4 Reasons to Stop Banning Social Media at Work

social media at work

There is no denying that the typical office environment has changed over the last decade, with the majority of employees now sitting in front of a computer screen for long periods of time.

The once-seen boundary between work and life has become blurred, predominantly due to social media becoming increasingly utilized in business for marketing purposes.

For many employers, allowing for social media use in the workplace would be absurd.

In fact, 42 percent of employers prohibit workers from using social media altogether.

And perhaps, this makes sense, as social media is widely understood to be time-consuming, mindless and useless.

It can be very tempting to check social media accounts while working, but unless you’re working in the social media or marketing field, it is very unlikely that interacting with followers is what you’re being paid to do.

But does banning social media boost productivity or hurt workplace morale? Here are four reasons to why social media should be allowed in the working environment.

1. You Are Losing Talent

The feeling of connectedness is vital in Generation Y, and overlooking this fact could adversely affect hiring and turnover rate.

Fifty-six percent of millennials say they won’t accept a job role unless social media is allowed at the workplace. As a result, social media plays a huge role in drawing new talent.

Employees from younger generations are accustomed to using social media on a regular basis. If you start banning social media, some employees may look for work elsewhere. This will result in the loss of good employees.

Social media is an important part of daily communication and identity and not just in the younger generation. About half of employees using social media at work are over the age of 35. Social media is now a regular part of human interaction, and denying this can be counterproductive.

2. You Are Decreasing Productivity

The biggest fear for employers is that social media will make employees less productive. However, these employers must remember it’s not the hours spent working on a project, it is the result of that work which counts. Always measure productivity by the end result.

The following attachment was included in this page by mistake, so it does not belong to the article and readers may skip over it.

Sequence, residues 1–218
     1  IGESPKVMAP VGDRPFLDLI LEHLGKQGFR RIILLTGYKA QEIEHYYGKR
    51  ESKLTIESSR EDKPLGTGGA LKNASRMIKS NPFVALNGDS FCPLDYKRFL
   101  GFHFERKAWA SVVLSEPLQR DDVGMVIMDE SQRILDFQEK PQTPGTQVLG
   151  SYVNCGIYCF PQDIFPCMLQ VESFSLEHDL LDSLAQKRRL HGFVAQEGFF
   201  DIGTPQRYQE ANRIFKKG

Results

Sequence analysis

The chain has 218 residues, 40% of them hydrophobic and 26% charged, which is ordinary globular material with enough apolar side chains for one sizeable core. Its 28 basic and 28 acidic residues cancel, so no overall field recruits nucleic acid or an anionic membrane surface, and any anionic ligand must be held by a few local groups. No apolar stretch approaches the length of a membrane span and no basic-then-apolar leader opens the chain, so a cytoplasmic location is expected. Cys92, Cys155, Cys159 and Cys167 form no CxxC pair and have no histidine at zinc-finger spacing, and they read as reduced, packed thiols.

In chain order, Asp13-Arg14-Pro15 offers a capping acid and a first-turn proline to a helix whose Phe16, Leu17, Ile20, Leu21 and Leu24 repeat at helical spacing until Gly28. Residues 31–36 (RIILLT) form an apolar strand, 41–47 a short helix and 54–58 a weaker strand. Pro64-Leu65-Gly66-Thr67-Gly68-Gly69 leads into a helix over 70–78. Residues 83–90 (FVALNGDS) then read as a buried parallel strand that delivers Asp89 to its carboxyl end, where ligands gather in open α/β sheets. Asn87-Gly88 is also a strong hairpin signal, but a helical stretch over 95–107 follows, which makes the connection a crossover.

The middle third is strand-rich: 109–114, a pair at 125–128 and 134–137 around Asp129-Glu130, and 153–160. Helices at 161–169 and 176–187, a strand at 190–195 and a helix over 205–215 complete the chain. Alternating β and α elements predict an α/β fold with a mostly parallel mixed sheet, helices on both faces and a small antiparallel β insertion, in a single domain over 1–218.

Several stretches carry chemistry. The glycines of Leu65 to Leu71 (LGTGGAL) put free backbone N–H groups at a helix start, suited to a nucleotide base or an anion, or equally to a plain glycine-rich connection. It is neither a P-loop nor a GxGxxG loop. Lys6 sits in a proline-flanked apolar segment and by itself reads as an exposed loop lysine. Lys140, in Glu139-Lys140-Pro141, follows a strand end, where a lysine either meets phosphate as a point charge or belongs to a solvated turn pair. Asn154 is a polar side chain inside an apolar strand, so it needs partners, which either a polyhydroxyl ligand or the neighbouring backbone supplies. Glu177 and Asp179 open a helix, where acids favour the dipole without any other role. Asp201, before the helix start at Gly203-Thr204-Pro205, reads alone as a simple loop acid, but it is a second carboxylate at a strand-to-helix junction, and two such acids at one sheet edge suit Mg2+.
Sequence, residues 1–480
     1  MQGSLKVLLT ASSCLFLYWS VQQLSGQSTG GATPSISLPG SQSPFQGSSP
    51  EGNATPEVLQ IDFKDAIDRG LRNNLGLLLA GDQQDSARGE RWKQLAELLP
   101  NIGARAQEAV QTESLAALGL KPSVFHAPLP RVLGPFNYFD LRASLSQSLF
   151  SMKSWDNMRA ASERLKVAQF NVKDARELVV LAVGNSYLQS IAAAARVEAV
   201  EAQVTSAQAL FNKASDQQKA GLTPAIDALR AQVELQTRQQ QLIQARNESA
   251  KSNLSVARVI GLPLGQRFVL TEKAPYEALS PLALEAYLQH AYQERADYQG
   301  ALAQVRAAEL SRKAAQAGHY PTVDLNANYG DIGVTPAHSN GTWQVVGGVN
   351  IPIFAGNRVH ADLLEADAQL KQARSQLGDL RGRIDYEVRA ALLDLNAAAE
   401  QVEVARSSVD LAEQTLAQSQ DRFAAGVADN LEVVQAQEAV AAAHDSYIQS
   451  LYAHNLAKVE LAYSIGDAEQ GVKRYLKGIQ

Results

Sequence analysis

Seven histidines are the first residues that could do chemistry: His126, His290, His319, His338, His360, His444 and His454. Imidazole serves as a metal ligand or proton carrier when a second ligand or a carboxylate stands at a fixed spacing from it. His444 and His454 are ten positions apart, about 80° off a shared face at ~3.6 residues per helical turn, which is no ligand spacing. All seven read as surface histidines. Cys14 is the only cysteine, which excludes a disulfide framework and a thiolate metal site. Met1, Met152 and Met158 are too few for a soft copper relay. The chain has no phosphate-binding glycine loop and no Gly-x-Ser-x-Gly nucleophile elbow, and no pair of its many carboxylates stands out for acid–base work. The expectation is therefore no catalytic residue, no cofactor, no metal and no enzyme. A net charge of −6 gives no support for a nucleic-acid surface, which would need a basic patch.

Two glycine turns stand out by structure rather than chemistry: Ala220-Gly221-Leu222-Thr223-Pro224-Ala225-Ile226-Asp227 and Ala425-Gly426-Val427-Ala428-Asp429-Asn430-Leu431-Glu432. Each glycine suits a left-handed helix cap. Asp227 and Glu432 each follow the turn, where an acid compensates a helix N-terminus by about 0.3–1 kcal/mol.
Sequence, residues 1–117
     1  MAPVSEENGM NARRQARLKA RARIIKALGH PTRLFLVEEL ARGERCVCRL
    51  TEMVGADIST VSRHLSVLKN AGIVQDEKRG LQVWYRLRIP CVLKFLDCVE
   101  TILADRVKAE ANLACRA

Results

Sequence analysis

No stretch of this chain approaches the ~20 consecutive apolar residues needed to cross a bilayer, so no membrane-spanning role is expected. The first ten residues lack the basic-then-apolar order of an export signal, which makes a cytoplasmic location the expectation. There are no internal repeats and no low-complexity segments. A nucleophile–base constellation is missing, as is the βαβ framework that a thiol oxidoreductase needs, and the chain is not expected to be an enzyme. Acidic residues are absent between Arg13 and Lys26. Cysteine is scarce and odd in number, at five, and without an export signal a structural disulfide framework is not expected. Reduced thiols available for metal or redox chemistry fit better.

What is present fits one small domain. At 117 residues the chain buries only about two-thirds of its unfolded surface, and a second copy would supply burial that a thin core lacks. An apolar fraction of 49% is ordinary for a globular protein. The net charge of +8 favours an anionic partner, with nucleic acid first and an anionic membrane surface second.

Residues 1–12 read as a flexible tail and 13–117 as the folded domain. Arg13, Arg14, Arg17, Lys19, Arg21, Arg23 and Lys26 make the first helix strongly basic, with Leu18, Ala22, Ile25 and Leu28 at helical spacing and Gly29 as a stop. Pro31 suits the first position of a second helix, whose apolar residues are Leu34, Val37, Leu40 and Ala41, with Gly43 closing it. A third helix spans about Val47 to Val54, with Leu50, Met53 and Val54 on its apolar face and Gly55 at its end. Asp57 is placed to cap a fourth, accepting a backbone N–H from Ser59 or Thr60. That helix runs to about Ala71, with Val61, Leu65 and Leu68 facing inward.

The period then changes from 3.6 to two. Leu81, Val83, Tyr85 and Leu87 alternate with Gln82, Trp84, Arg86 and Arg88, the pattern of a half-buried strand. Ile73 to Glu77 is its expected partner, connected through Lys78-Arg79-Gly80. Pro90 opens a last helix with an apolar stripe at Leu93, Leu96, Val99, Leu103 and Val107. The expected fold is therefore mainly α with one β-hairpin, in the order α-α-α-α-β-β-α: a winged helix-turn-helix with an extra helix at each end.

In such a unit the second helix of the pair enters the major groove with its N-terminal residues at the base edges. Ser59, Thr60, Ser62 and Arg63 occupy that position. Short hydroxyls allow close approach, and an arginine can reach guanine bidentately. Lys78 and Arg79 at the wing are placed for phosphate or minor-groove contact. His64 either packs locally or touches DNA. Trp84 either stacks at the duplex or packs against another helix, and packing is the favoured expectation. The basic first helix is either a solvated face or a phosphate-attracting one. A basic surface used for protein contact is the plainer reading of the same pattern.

A study produced by the University of Melbourne found those who regular surf the internet are more productive than those who don’t. Therefore, despite beliefs, social media has a place in the workplace.

Businesses realize that to maintain productivity, employees need to take small breaks in order to re-energize their minds. Social media and checking emails are forms of refreshing the mind.

Thirty-four percent of employees say they slack at work because they work too many hours. Social media can provide a much-needed mental break in the heat of a project.

Two hours on Facebook may be a huge problem, but a five-minute diversion is not a big deal. Employees simply cannot concentrate on working for eight hours straight. Short social media breaks may be necessary to keep employees at the top of their game.

Discourage social media procrastination and create accountability with open desk arrangements where computer monitors are visible enough to limit social media usage.

3. You Are Establishing Mistrust

If an employee speaks poorly of your company on social media in working time, something must be done about it. However, banning social media in the workplace isn’t going to win the battle.

Whether an employee misrepresents your company on social media in or out of working hours, it is not the timing of the post which is the problem but rather the attitude of that employee.

Banning social media sends a message through the workplace that you don’t trust your employees. Responsible employees know they have a job to do, assignments to complete and a quality to achieve. Allowing employees to spend a few moments on social media will keep these employees engaged and performance levels up.

Create specific guidelines for on-the-clock usage to help avoid any social media disasters. You should introduce these guidelines to new employees on day one.

Productivity is all about balance. Banning employees from Facebook is like banning them from talking about football at work. Social media is a way to relax for a moment, away from the working situation at hand.

4. You Are Inhibiting Communication

Social media doesn’t break face-to-face communication in the office — it helps. One study found that three in five workers say social media has resulted in better relationships at work, and one in three have used social media in furthering work-related projects.

Like emails and instant messaging systems, social media is a casual way for employees to interact with acquaintances and build stronger relationships, resulting in an overall better workplace communication.

Empower employees with social media by putting a social media policy and monitoring tools in place to keep the business in line. Proper training to improve employee morale and to avoid social media disasters should be given to each employee.

Is social media use allowed in your office? Tell us about what you think!

(Photo by FirmBee / CC BY)

Jane Smith writes for alldayPA, a telephone answering and switchboard services, offering businesses a bespoke call handling service 24 hours a day, 365 days a year. Follow her on Twitter: @allday_pa


  1. Harris on the 14th May

    Great article Jane! Social media is the future – it would have been like banning email at work 20 years ago. It is something that is shaping up communication and would most probably replace many of our existing technologies today as its main mode – so it’s definitely something we should live with and integrate with our lives as much as possible!

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